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The Write Question is a weekly video podcast all about writing. Today’s question looks at how to write about your life. If you have a question you’d like me to answer you can email me, tweet me @pubcoach, or leave a message for me at the Skype account, The Write Question.
How to write about your life? That’s the topic I’m addressing today in The Write Question. I’m Daphne Gray-Grant, the Publication Coach, still in pandemic mode.
I have a question from Isabella Garcia, a writer based in Barcelona, Spain. Here’s what she’s asked by email…
“I’m writing about my life. I started with my childhood and I’m continuing in a chronological fashion. But sometimes I also write about my feelings relating to things that have happened. When I take this approach, I try to find a moral or psychological point to make, which is usually more interesting. So, now I’m wondering whether chronological order is the correct path? Also, as I’m writing about my life, I want to know if it’s okay to use the real names of the people or whether I should change them.”
Thanks for your question, Isabella. Memoir is probably my favourite genre and I read at least half a dozen of them every year.
But let me make a clarification you might find useful. There is a big difference between memoir and autobiography.
First, let’s discuss the one big similarity: Both autobiography and memoir are first-person accounts of a writer’s life. This means the writer usually uses the words “I” and “me” as they describe incidents in their own life.
Now, let’s look at the differences: While autobiographies cover the author’s entire life, memoirs usually look only at a part. Autobiographies are typically written in chronological order while memoirs generally move back and forth in time. Autobiographies place a great emphasis on facts and history while memoirs focus more on emotional experience.
I think you’ve alluded to these last two issues in your question, Isabella. You expressed some concern about chronological order and you described how your work was more interesting when you explored your feelings.
I think this also highlights what’s perhaps the biggest difference between autobiographies and memoir: You need to be famous to have an autobiography published.
Now, let me quickly add that if you want to write an informal autobiography for your family, especially for your children, they’ll certainly be really grateful for your work. But that’s not the same as looking for a publisher.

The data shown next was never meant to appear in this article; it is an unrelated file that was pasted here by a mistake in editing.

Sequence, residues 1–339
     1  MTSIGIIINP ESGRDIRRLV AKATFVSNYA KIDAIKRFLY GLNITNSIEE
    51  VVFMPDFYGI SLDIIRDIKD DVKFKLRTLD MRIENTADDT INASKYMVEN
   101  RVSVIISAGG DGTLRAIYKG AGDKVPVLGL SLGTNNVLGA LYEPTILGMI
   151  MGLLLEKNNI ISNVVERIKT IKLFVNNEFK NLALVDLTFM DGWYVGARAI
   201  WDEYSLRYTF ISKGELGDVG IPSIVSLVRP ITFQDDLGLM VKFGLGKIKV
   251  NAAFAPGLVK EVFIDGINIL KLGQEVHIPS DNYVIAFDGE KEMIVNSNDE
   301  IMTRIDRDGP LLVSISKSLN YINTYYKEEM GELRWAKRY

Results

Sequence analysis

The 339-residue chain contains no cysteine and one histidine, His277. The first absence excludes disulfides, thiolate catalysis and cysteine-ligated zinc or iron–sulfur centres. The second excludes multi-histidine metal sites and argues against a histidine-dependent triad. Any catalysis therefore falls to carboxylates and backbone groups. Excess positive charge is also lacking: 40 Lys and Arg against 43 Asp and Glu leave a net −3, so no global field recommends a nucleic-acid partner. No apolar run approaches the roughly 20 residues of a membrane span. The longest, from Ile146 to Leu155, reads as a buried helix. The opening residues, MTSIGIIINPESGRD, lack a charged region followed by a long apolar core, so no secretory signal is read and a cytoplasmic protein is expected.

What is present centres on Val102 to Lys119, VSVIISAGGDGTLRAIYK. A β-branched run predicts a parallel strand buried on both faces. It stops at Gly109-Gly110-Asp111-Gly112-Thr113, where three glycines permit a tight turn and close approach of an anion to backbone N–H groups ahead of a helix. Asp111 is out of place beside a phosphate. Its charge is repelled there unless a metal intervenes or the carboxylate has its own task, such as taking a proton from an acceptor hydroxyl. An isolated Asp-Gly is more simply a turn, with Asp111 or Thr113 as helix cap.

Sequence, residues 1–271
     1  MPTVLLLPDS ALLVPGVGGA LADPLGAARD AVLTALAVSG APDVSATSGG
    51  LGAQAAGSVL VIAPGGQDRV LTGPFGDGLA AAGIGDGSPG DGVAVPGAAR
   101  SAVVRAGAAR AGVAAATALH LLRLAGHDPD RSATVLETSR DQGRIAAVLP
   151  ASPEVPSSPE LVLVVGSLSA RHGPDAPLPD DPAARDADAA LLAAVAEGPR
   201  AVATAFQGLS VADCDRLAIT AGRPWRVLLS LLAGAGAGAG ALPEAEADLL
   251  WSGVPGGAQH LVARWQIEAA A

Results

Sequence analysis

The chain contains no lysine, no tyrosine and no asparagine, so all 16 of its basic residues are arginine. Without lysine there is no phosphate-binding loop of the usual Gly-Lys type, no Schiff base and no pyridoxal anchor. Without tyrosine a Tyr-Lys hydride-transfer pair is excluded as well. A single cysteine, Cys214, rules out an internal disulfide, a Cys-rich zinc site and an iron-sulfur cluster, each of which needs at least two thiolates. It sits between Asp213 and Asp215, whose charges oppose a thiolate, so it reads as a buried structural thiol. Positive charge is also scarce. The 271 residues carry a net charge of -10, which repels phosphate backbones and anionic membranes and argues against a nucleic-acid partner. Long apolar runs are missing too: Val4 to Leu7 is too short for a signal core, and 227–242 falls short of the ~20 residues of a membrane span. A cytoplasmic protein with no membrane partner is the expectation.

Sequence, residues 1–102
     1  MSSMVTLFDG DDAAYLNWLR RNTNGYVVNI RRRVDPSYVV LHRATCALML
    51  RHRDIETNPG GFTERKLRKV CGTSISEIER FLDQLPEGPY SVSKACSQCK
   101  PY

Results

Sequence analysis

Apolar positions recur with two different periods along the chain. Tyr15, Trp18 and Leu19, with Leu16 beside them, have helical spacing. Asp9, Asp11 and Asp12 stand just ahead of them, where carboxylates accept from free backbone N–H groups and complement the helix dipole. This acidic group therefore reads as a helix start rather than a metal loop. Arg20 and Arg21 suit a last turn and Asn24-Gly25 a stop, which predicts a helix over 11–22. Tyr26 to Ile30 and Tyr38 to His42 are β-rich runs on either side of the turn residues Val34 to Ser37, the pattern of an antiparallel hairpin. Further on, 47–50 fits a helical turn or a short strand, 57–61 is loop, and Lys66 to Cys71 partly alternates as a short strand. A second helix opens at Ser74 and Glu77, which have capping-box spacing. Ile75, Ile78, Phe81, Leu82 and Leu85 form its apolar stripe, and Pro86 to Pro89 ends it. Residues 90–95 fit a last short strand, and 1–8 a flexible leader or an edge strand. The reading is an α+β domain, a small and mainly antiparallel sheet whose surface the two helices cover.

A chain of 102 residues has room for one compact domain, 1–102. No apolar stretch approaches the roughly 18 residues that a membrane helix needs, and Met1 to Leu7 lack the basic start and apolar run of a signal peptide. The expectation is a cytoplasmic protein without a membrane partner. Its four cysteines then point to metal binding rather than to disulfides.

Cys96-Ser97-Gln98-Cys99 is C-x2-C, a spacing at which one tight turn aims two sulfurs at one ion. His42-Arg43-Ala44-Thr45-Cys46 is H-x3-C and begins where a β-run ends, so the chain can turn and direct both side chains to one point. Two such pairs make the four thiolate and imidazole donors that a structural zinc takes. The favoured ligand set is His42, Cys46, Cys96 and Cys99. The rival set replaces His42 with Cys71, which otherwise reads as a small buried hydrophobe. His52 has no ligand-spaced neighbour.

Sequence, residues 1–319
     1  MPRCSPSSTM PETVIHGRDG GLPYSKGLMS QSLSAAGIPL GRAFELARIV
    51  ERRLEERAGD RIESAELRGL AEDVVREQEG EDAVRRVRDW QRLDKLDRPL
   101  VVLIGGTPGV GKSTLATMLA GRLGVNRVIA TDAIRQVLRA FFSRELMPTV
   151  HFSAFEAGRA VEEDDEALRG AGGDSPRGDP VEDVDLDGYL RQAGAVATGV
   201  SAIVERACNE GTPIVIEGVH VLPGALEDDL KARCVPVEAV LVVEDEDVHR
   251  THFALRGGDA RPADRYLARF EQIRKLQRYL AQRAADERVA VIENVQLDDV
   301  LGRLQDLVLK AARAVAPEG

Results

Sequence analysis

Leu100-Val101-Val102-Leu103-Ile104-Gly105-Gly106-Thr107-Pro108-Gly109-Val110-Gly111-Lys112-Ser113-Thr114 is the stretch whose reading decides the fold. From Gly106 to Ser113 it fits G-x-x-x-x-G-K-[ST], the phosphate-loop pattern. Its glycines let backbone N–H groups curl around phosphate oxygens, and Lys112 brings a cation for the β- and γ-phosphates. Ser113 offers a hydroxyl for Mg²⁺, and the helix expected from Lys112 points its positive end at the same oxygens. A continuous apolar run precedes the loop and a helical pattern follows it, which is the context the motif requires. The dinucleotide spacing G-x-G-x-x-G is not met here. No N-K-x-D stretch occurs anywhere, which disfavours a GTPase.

Some of the autobiographies I’ve enjoyed in recent years include:
- Open by Andre Agassi
- A Moveable Feast by Ernest Hemingway
- Personal History by Washington Post publisher Katharine Graham
- Autobiography of a Face by Lucy Grealy
Some of the memoirs I’ve enjoyed are:
- The Color of Water by James McBride
- Kitchen Confidential by Anthony Bourdain
- The Year of Magical Thinking by Joan Didion
- Why Be Happy When You Could Be Normal? by Jeanette Winterson
- Educated by Tara Westover
Isabella, it strikes me that what you really want to write is probably a memoir, not an autobiography. Remember that autobiographers set out to tell the entire story of their life. While some parts will get more detail than others, they usually cover most or all of it.
Memoirists — on the other hand — will choose a particularly important or meaningful part of their life to write about and ignore the rest.
And before I go, let me give you a quick answer to the second part of your question: whether you should change the names of the other people in your story. My answer is yes! (This of course assumes that the work is meant to go beyond the hands of your own family.) I’ve written an unpublished memoir myself and, when I briefly thought about seeking a publisher, I diligently went through the manuscript and changed all the names.
There are both legal and ethical reasons for making this choice. First, you don’t want to be sued by someone who factually disagrees with what you’ve written. Second, we all have different memories of our own lives and it’s worth acknowledging that your memory is strictly your memory. Preserving the anonymity of those who might disagree with you seems only fair.
Finally, let me wrap up with a quote from the American writer, editor and literary critic William Zinsser: “Memoir isn’t the summary of a life; it’s a window into a life.”
Isabella, I hope this video explains the important difference between autobiography and memoir. And I encourage you to keep writing!
If you’d like to learn more about how to make writing a happier and more rewarding process, check out my latest book Your Happy First Draft. I don’t sell it in bookstores or via Amazon. The only place to buy it is on my website, link on the screen below and in the show notes.
Open by Andre Agassi
A Moveable Feast by Ernest Hemingway
Personal History by Washington Post publisher Katharine Graham
Autobiography of a Face by Lucy Grealy
The Color of Water by James McBride
Kitchen Confidential by Anthony Bourdain
The Year of Magical Thinking by Joan Didion
Why Be Happy When You Could Be Normal? by Jeanette Winterson
Educated by Tara Westover